• Eat an anti-inflammatory diet. Eat fresh, unprocessed, whole foods. Avoid packaged, boxed, canned, and prepared food items which contain inflammatory preservatives and additives. Eat fresh fruits and vegetable with lots of colours. Drink at least 2l of water per day, perhaps with lemon to help de-toxify.

  • Stop smoking. Nicotine reduces blood flow, which can make CRPS worse.

  • Your GP may initially recommend a combination of medications to lower your pain levels. These will often consist of an anti-nerve pain drugs such as gabapentin, pregabalin, cymbalta or amitriptyline and sometimes a low dose opioid. These medications will allow your therapist to work with you to better to improve your condition. 

  • Your pain specialist will review your medications and may recommend nerve blocks, a topical ketamine cream or a ketamine infusion to further lower your pain levels so that your therapy can progress even more.

  • Your psychologist works with you to address any psychosocial issues to help you understand, identify and change any thoughts and feelings that you may have that are causing you stress and increasing your pain. It is important that you find a psychologist that you feel comfortable with as they are quite often the only person that you can really talk openly and honestly with.  A good psychologist is a vital part in any pain management team!

  • Your physiotherapist will work with you to give you appropriate exercises to keep your CRPS area mobilised to retain or improve function and de-sensitise the area. They may ask you to keep a pain diary to ensure that you aren’t over-stimulating the area of pain and are pacing yourself appropriately to keep pain within manageable levels.

    • Exercise Daily. The aim is to retain function of your affected limb.

    • Do your exercises in small batches often, so that you do not become overly sore. (e.g. for 5 minutes every hour).  There is a fine line between ‘Use it or Lose it’ and ‘No Pain, No Gain’.  If your pain flares up for too long after doing your exercises and this is a warning sign that you have done too much, and you need to do less the next time.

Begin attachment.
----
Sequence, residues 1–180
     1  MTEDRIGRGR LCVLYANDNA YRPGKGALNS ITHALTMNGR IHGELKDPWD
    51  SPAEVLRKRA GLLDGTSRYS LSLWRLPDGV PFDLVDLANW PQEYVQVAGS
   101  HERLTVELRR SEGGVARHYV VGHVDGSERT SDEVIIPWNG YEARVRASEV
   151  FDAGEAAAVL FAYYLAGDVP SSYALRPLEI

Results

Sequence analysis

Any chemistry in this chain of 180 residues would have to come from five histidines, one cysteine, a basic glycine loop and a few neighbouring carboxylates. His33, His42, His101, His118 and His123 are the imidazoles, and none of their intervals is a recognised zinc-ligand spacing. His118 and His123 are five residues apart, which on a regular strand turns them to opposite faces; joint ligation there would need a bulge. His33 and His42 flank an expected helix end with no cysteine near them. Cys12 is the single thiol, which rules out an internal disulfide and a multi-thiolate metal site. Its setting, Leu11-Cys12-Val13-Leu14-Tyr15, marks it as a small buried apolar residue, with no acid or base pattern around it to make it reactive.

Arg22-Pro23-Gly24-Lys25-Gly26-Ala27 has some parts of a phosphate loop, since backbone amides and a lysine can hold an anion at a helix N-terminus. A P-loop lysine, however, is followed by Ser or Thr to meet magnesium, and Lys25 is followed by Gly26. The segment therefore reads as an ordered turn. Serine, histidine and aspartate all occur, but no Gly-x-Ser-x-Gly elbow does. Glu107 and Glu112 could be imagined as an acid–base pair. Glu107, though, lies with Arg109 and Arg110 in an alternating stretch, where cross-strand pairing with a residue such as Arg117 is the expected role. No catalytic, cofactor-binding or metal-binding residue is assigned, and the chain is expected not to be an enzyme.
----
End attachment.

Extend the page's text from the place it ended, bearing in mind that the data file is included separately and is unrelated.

• Try to use your affected arm or leg in your normal activities. Your therapist can advise you of the best way of doing this.  Great exercises if you have an affected hand or wrist is to do handicrafts such as knitting or crocheting which is a good way to keep the fingers and joints active.  Using playdoh to roll into different shapes and then pulling it apart using different fingers and blowing up a balloon to the size of an orange to gently squeeze while you are watching tv. 

    • Try to de-sensitise the limb by exposing your skin to different textures such as fabrics, tissues, feathers, a ball or being touched or massaged.Use passive and active stretching of the limb and joints to increase your range of movement (ROM), especially if you are experiencing any stiffness or contractures like clawing of the hand.

    • Use passive and active stretching of the limb and joints to increase your range of movement (ROM), especially if you are experiencing any stiffness or contractures like clawing of the hand.

    • Use brain training therapies such as left/right recognition cards or the app ‘Recognise’, mirror box therapy from noigroup or any of the Graded Motor Imagery programs at

  • An Occupational Therapist evaluates your Activities of Daily Living (ADL’s) and addresses any issues you may have with achieving your physical needs, both vocationally and at home. They can help supply any aids you may need such as ramps and grab rails etc.


It is important to keep a positive attitude. Remission is possible and attainable.

It may take 12 – 18 months to stabilise your CRPS and for many people, who are diagnosed within 3-6 months of the inciting event, their symptoms are completely resolved within this time frame.

Have realistic expectations and goals. You have to put in the work to get the results. 

There is no quick fix and no magic treatment. CRPS treatments work differently for each patient. What works for one person may not work for another.  ­­­


Printable Information for New Patients